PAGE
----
In FIG. 1 the young plant or seedling 3 is shown in a first growth stage, there being provided only a limited space for the plant in the container 1. Photosynthesis is particularly retarded, as within the limited air space 9 only carbon dioxide is available and as a surplus amount of oxygen is given off by the plant, which is growth-limiting. However, a favorable moist atmosphere is available for the development of the roots. Development of the plant therefore occurs exclusively in the limited space and by the light entering the container 1.
In FIG. 2, in which the same parts bear the same reference numerals as those of FIG. 1, there is shown the young plant or seedling 3 in a further growth stage, in which the holding means 5 is displaced with respect to its position in FIG. 1 upwardly, so that the plant itself is also displaced upwardly with respect to the position shown in FIG. 1, its leaves 13 already abutting the lower side 14 of the cap 8. At this time period the first growth stage of the plant can be considered concluded, and for a further development of growth of the young plant 3 in a second growth stage, the cap 8 is removed, so that the young plant 3 is now exposed to the surrounding atmosphere in the room or outside, as is shown in FIG. 3, where parts identical with FIG. 1, also bear the same reference numerals. The young plant 3 can therefore develop in a direction beyond the container 1 upwardly, wherein the holding means 5, such as a disc, is pulled upwardly together with the plant 3 into the upper portion of the container. Here the plant can develop under accelerated growth conditions, particularly since the pulling up of the holding means 5 has considerably increased the space for the roots of the plant, for example, has almost doubled it.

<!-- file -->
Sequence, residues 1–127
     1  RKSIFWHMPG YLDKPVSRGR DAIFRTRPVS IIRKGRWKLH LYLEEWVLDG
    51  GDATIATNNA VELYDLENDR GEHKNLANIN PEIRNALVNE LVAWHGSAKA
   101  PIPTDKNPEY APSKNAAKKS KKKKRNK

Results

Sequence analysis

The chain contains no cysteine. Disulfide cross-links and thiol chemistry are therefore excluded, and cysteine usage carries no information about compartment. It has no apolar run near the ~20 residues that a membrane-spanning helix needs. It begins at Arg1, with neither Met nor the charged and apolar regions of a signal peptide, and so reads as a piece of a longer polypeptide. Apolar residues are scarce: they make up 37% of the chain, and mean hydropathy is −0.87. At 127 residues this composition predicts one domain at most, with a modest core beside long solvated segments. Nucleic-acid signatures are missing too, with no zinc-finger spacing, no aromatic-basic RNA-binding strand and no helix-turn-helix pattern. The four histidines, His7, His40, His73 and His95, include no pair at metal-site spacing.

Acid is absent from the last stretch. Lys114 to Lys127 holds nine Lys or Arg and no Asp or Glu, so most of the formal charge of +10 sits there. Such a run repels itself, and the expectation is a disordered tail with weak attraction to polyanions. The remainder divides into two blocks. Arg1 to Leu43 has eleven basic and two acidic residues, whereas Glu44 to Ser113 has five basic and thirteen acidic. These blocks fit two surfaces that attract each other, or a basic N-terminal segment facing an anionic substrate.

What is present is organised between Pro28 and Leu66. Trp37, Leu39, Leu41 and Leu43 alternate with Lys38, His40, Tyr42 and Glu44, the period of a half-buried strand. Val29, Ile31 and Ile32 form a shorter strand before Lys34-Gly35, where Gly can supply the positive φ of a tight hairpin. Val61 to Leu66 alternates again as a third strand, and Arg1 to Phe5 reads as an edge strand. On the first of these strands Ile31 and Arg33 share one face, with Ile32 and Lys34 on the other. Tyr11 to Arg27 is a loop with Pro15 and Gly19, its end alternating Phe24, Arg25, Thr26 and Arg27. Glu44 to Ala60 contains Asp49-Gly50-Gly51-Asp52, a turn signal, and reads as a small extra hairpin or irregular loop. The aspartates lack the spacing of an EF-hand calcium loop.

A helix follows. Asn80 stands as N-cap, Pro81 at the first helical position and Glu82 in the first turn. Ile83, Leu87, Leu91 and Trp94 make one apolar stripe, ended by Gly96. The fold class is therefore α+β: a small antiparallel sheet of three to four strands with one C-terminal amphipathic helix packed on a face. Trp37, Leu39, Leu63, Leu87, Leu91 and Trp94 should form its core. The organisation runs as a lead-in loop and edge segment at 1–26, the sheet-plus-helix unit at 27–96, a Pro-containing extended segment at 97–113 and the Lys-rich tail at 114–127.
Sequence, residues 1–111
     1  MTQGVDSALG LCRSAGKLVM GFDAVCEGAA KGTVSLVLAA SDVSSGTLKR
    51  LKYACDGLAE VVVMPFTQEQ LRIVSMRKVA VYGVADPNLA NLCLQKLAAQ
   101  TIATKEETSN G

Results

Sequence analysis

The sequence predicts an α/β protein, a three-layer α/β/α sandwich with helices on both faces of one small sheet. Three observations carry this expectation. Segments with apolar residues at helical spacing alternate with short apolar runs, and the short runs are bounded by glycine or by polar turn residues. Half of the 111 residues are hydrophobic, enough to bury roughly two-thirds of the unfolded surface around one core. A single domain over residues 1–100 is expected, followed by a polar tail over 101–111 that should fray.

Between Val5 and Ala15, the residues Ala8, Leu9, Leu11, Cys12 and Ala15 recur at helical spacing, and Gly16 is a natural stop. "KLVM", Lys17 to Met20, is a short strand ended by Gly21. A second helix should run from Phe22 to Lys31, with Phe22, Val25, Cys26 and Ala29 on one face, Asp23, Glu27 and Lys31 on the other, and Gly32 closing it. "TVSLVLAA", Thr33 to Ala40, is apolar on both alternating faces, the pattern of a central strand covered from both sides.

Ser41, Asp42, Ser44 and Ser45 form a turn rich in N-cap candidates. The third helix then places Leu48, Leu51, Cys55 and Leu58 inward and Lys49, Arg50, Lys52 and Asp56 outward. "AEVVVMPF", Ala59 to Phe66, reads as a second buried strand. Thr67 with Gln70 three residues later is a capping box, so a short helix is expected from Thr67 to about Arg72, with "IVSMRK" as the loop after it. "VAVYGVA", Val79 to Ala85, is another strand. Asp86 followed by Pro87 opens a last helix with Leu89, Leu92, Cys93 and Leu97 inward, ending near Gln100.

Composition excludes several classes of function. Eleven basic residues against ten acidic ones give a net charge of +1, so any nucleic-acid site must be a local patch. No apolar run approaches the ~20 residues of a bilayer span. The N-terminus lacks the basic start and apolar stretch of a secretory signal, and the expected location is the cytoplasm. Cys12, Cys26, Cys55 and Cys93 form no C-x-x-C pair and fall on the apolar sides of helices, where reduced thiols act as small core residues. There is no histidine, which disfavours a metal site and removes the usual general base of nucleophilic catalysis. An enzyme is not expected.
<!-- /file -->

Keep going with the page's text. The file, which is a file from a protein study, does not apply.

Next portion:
It is possible to either use natural water alone, or it is also possible to add means to the water which favorably influence the growth of the plant. The water may, for example, be filled with nutrients only to an extent suitable for growth of the plant.